By Lauren Watral, MSW Geriatric Care Manager

  • When your parent says “I don’t need any help” try gently pointing out that they no longer pursue the activities they enjoy like playing bridge, going shopping, choosing library books, etc. Then tell them how much more pleasant life would be with some help so that they could stay in their home and maintain independence.
  • When your parent says, “I want things done my way, I’m the only one who knows what I like to eat, do, buy etc.” let them know they can choose and supervise the caregiver.
  • If your parent is adamant that they don’t want a stranger in their house, allay fears by staying with them for one or two days while the caregiver is there as well as dropping in to see how things are at different hours of the day and night.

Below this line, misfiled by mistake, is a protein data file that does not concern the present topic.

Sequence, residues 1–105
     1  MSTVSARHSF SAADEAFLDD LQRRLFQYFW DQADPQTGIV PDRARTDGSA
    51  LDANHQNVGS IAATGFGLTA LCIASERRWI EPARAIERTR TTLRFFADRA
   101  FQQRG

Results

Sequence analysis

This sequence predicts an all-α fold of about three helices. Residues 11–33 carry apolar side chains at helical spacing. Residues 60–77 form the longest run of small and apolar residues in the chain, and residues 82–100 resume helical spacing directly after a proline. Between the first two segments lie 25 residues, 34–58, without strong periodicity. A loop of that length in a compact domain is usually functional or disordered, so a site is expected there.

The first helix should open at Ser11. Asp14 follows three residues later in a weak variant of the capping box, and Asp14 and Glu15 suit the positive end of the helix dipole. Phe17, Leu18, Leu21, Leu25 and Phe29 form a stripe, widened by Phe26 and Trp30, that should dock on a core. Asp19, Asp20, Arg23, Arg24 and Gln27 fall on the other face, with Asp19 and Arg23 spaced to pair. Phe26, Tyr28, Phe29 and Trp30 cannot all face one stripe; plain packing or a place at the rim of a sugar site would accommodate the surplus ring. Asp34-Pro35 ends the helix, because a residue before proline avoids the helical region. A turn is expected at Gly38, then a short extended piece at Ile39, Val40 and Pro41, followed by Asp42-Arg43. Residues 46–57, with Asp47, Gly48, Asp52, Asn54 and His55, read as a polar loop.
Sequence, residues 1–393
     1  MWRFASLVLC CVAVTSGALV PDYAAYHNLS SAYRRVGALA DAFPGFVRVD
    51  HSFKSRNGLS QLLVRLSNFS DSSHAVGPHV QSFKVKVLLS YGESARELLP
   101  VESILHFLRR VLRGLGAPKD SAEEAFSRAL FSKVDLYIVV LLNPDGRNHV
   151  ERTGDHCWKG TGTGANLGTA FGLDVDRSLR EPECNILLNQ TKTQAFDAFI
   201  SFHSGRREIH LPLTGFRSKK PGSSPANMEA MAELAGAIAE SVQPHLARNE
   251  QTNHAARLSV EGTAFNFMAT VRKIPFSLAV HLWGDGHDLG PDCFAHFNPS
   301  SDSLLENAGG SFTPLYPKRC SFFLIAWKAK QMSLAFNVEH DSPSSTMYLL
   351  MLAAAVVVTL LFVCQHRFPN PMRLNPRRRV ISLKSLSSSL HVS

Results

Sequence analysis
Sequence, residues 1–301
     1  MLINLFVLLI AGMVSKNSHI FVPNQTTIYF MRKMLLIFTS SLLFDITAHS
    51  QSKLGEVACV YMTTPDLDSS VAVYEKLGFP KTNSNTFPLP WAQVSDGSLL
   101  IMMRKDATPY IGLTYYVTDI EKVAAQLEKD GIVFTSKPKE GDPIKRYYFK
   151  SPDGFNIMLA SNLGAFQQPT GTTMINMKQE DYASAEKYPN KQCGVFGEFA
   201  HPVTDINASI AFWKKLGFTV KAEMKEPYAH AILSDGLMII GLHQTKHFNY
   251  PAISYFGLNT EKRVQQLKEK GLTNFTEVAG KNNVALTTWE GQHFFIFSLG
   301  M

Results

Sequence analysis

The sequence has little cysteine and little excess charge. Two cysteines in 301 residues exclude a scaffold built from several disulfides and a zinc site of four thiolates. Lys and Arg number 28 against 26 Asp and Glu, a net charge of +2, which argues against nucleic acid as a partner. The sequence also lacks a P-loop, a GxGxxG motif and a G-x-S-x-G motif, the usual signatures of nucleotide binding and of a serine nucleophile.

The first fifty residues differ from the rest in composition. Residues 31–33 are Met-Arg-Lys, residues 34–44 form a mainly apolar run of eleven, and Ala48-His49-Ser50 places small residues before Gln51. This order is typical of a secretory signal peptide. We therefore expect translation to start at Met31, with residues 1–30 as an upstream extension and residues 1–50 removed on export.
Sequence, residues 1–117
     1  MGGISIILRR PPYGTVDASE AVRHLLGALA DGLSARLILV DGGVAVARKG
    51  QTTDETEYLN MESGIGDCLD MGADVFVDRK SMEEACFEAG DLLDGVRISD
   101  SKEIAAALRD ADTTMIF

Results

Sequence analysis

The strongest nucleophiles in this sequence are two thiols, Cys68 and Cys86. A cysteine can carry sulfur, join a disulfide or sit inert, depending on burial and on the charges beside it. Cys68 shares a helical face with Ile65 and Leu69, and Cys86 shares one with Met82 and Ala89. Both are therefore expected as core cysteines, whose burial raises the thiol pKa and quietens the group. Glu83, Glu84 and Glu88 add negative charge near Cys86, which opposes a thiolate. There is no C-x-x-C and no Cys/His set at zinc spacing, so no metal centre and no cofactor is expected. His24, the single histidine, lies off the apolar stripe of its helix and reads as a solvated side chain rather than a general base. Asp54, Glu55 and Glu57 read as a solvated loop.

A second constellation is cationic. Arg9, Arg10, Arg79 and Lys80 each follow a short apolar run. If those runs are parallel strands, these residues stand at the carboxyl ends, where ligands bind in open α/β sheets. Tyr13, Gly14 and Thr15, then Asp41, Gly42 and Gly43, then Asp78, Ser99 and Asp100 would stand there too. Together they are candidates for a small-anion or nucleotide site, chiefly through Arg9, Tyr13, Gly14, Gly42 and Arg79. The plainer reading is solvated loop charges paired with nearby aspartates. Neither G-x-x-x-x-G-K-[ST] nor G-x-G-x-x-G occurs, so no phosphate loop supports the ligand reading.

• When your parent says, “Absolutely not” contact the home-care agency and arrange a visit with another senior who is happy with their caregiver. Being able to witness a positive situation may help your parent to make a decision.
  • Discuss what would happen if they won’t let anyone help. Let them experience a couple of days without your assistance so they understand it is best to have someone around regularly.
  • Slowly introduce them to outside services. For example, arrange for someone to take them shopping or to the library. A kind and compassionate person coming into the home may earn trust and prepare them to be open to further assistance.
  • Consider hiring a geriatric-care manager  who has the expertise to help your parent accept assistance.